In serialization, normally flush is not used. But its better to use flush because its a security measure that is taken to ensure that any data remaining on the stream is written on the file. close() does the same thing but it is not meant to check the streams properly.
flush() is basically used when we write to files. Before closing the file we flush all the data.
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I hope the previous posters aren't waiting for an answer (), but I am sure you are correct. In most cases of output streams and writers, closing the object flushes the stream too. If you look at the documentation, in this case, you will find, unfortunately, that it doesn't say anything about flushing the stream.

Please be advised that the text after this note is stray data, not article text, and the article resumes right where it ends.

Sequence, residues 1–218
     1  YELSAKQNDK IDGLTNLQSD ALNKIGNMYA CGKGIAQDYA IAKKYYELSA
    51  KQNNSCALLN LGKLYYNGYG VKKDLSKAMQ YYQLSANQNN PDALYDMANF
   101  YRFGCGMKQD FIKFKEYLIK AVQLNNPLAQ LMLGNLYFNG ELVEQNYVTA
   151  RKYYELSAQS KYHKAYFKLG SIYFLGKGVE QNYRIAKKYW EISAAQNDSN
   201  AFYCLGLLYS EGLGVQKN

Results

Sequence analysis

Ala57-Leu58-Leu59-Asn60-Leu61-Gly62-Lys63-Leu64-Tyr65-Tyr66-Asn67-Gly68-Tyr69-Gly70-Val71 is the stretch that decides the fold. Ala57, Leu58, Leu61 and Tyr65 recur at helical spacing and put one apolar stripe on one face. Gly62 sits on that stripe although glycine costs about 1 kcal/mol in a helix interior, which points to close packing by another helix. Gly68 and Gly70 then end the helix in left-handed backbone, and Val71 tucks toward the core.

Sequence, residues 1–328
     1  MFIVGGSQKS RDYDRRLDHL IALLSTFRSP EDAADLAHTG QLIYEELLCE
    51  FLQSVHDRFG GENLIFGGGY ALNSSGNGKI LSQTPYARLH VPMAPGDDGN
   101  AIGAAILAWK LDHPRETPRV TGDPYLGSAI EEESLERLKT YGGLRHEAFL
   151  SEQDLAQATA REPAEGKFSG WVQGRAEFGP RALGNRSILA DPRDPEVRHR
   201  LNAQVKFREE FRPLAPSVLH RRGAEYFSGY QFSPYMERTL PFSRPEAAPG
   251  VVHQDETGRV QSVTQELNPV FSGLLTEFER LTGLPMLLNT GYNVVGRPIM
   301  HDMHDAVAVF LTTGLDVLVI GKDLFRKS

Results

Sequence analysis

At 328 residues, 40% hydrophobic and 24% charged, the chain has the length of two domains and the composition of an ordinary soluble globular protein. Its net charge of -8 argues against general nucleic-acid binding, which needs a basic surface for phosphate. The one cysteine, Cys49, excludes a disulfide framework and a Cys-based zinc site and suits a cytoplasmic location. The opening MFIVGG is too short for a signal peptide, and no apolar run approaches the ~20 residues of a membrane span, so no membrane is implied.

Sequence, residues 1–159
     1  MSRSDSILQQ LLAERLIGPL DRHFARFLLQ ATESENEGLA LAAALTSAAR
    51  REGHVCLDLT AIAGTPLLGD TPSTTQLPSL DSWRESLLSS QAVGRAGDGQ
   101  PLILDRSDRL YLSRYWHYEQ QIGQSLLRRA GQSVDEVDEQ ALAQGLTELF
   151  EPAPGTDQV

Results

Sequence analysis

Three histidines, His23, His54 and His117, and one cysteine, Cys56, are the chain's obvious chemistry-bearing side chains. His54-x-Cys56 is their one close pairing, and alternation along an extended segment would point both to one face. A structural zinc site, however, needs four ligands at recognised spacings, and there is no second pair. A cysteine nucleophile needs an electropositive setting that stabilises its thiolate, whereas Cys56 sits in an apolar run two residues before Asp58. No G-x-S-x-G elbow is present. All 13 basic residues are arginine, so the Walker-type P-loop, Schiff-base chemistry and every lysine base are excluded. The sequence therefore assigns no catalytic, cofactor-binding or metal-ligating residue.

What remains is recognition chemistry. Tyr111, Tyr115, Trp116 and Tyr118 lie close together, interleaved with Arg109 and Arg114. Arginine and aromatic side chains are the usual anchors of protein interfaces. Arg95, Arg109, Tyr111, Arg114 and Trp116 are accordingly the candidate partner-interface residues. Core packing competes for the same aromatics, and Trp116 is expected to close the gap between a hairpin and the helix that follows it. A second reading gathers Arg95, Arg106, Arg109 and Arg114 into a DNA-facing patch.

It's cheap insurance. I'm pretty sure that most close() methods do invoke flush(), but check the docs for the class in question - and its superclasses. And when in doubt, flush anyway. Double-flushing does no harm.
I once worked with someone who thought that it was OK not to close files because the garbage collector would close them. In actuality (Java 1.4), resources would leak and buffers wouldn't flush. So I've been prone to force the matter myself.
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